A CASE STUDY Anemia of critical illness

Jun 18th, 2015
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Anemia of critical illness, a commonly encountered clinical situation, is hematologically similar to that of chronic anemia, except that the onset is generally sudden. The etiology is usually multifactorial, occurring as a consequence of direct inhibitory effects of inflammatory cytokines, erythropoietin deficiency, blunted erythropoietic response, blood loss, nutritional deficiencies, and renal insufficiency. Although anemia is not well tolerated by critically ill patients, aggressive treatment of anemia can be just as detrimental as no treatment. Different types of anemia may coexist in a patient in the intensive care unit, making diagnosis and differentiation among these anemias complex, therefore requiring good diagnostic skills. Although several therapeutic options are available to treat anemia, critically ill patients often receive a transfusion, and yet, most recent studies indicate that blood transfusions in critically ill patients are associated with worse outcomes, including hi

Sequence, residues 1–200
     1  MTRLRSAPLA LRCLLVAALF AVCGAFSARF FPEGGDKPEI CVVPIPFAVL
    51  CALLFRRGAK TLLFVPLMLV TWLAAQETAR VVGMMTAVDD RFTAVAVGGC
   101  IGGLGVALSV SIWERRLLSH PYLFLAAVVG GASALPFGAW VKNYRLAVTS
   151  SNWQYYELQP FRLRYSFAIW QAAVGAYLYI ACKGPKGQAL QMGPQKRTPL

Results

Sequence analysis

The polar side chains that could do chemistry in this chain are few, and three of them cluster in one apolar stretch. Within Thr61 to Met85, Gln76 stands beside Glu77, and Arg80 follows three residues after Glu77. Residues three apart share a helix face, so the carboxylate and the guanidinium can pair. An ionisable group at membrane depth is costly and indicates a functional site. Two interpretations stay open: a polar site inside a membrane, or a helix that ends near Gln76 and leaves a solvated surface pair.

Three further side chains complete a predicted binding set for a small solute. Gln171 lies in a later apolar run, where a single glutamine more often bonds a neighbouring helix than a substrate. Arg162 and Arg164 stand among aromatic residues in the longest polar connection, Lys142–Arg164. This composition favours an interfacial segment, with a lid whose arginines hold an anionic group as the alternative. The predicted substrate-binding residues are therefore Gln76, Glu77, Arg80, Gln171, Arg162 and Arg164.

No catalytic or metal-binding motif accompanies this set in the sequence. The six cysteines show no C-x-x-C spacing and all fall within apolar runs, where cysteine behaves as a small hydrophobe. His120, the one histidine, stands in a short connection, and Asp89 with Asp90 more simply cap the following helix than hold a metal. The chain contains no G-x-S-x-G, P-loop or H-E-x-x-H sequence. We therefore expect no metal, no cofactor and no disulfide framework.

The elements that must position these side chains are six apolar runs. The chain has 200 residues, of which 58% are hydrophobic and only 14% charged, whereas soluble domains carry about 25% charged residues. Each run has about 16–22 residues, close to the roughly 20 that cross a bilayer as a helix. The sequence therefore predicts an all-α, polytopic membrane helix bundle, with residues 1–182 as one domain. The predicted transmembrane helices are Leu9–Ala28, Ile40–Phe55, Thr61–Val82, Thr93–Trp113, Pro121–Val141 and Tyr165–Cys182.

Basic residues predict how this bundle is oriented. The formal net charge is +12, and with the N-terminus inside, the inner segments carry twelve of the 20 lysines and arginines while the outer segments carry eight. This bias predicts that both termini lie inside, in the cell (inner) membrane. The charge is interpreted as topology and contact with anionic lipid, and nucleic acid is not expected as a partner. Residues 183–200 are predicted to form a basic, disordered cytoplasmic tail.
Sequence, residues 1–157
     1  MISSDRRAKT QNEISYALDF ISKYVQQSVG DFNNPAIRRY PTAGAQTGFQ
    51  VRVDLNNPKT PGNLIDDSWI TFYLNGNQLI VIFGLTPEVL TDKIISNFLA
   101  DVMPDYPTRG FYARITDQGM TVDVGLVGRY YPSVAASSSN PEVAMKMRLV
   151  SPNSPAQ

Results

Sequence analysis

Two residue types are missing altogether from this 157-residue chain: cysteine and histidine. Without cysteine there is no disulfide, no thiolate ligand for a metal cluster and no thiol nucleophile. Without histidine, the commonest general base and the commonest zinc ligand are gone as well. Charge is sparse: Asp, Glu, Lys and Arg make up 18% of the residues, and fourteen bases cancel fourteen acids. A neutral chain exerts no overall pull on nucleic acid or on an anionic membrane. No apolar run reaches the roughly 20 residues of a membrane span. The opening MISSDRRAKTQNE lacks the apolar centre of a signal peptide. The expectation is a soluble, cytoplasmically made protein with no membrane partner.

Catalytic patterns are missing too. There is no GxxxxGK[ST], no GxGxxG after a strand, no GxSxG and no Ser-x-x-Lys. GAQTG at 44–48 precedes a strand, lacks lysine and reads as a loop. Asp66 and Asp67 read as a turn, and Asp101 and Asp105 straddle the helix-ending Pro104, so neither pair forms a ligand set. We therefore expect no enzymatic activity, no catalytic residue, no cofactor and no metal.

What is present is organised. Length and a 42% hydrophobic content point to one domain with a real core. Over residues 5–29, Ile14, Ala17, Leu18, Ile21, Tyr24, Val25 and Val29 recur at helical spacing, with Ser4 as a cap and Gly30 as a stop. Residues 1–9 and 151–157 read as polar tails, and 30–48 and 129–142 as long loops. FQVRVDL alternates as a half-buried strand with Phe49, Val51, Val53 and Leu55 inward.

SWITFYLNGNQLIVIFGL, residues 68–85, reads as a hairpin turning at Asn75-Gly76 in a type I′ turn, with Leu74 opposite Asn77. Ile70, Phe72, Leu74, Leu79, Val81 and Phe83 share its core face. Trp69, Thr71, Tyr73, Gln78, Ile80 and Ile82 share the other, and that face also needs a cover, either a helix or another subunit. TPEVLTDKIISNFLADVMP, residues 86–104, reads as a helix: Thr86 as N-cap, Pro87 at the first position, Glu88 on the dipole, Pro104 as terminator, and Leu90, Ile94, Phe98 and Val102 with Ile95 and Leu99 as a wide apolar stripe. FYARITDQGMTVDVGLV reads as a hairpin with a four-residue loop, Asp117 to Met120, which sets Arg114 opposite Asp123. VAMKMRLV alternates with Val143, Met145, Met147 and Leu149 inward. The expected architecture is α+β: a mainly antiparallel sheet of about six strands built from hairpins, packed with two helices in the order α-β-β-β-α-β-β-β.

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AbstractAnemia of critical illness, a commonly encountered clinical situation, is hematologically similar to that of chronic anemia, except that the onset is generally sudden. The etiology is usually multifactorial, occurring as a consequence of direct inhibitory effects of inflammatory cytokines, erythropoietin deficiency, blunted erythropoietic response, blood loss, nutritional deficiencies, and renal insufficiency. Although anemia is not well tolerated by critically ill patients, aggressive treatment of anemia can be just as detrimental as no treatment. Different types of anemia may coexist in a patient in the intensive care unit, making diagnosis and differentiation among these anemias complex, therefore requiring good diagnostic skills. Although several therapeutic options are available to treat anemia, critically ill patients often receive a transfusion, and yet, most recent studies indicate that blood transfusions in critically ill patients are associated with worse outcomes, including higher morbidity and mortality. These studies have generated interest in the administration of exogenous erythropoietin and iron therapy. Unfortunately, the accurate determination of iron status can be a rather difficult task, an undertaking that is made even more difficult by the presence of comorbid conditions that can affect the commonly used parameters for guiding iron therapy. The use of erythropoiesis-stimulating agents is rapidly gaining acceptance, although they also present

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